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TECH TALK: Disruptive Bridges: Tech 7-11

December 10th, 2002 · No Comments

Imagine: a computing and communications centre as omnipresent as telephone booths (STD/PCOs) are in India today. You can walk into one of them, use the computer to check your email (which could be coming right off the local server, in case youve so designated), access your files, write letters, take printouts, browse the Internet and even, if you happen to be running a small business, do your accounts. The centre also lets you make phone calls using VoIP (Voice-over-IP), cutting down on your long-distance and international phone bills.

You can also widen your knowledge base by taking any one of the hundreds of training programs available on the local server. You can also indulge yourself in the newest multi-player game thats just gone live. The centre is also a trust point where you can make payments for various goods and services that you may have bought online. A wireless access point lets you use the Internet connectivity of the centre from the computer in your home.

Welcome to the world of the Tech 7-11.

The Tech 7-11 is much more than the cybercafe that we know today. The cybercafe, of which there are tens of thousands across India, has a few limitations: it offers a window to the Internet, but is not a home; it offers communications and Internet access, but not much by way of computing functionality; its business upside is limited to the computers that it has within its four walls and the hourly rate it can charge. In India, the cybercafe needs to morph into much more than an Internet access point it needs to become a tech utility for the people in the neighbourhood.

Think of the local kirana or grocery store. It offers all the essentials that are needed for one at home. Abroad (especially in many of the Asian cities and towns), a franchise has sprung up: 7-11. The name comes from the timings that the stores are open: 7 am to 11 pm. They are within walking distance for most people. They offer most of lifes daily needs. More importantly, there is some sort of relationship that gets formed between the store proprietor and the people who frequent the store an underlying trust. In a sense, the local store has become a utility in our lives a kind-of remote utility, because it does not come into our home, like the other utilities, but a utility nevertheless.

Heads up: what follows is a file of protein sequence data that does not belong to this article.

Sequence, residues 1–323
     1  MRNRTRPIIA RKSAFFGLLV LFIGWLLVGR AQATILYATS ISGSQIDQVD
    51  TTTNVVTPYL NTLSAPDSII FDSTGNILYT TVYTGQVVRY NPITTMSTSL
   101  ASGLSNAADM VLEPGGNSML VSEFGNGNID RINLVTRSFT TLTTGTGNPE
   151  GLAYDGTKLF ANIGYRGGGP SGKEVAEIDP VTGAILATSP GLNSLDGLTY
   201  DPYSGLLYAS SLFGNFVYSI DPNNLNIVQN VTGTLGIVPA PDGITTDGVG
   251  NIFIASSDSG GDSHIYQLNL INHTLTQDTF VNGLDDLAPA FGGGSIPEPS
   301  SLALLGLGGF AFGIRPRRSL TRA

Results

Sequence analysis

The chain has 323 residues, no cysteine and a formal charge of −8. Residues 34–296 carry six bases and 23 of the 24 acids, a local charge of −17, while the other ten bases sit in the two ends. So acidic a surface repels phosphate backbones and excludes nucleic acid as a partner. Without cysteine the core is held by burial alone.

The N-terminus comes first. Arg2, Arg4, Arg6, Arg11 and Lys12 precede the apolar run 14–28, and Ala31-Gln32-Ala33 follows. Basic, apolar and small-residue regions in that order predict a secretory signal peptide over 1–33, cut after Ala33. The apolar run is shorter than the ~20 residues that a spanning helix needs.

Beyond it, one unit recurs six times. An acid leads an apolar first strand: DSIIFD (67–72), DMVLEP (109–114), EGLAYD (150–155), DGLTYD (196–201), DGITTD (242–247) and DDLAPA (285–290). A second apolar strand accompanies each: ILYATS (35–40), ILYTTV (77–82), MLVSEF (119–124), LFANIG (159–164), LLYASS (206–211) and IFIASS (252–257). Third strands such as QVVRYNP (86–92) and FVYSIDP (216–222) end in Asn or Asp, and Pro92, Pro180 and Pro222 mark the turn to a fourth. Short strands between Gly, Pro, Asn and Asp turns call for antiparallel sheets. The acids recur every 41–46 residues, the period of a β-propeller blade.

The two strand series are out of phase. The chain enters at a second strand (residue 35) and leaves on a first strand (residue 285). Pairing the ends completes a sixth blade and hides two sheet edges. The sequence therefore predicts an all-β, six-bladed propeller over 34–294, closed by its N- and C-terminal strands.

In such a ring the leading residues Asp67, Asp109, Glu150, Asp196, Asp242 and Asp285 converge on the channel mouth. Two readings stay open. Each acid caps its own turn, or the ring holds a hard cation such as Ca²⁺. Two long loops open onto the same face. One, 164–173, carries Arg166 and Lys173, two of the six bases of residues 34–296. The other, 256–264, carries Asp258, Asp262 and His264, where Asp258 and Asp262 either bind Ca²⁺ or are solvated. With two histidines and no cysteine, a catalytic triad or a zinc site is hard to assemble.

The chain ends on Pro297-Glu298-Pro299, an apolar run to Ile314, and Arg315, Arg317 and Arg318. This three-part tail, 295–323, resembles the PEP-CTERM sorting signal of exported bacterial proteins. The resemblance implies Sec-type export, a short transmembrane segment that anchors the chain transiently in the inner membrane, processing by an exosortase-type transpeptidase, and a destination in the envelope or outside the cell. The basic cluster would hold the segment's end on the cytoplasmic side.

That is what the Tech 7-11 needs to become a utility fulfilling all the technology needs of a neighbourhood in the worlds developing markets. It has the computers, if you cant afford one (which is probably true for 990 of 1,000 people in India and 950 of 1,000 people in China). It has the connectivity to the Internet, so you dont necessarily need it. It has the storage and backup facilities, so you can access a lot of information very rapidly rather than over low-speed lines. It has trained attendants to help you navigate the still-complex world of technology.

In other words, the Tech 7-11 can do for computing what the STD/PCOs did for telecom: by emphasising community over individual ownership, it can make it accessible to a much wider group of people. As these people learn how computer can make a difference to their lives and their income levels rise, there is a strong probability that they will opt to buy one. Even then, the Tech 7-11 is there continuing to serve as the processor, storage and network connector.

What is the technology needed to make this happen? Luckily, all the components are already available.

Tomorrow: Tech 7-11: Technology


Tech Talk Disruptive Bridges

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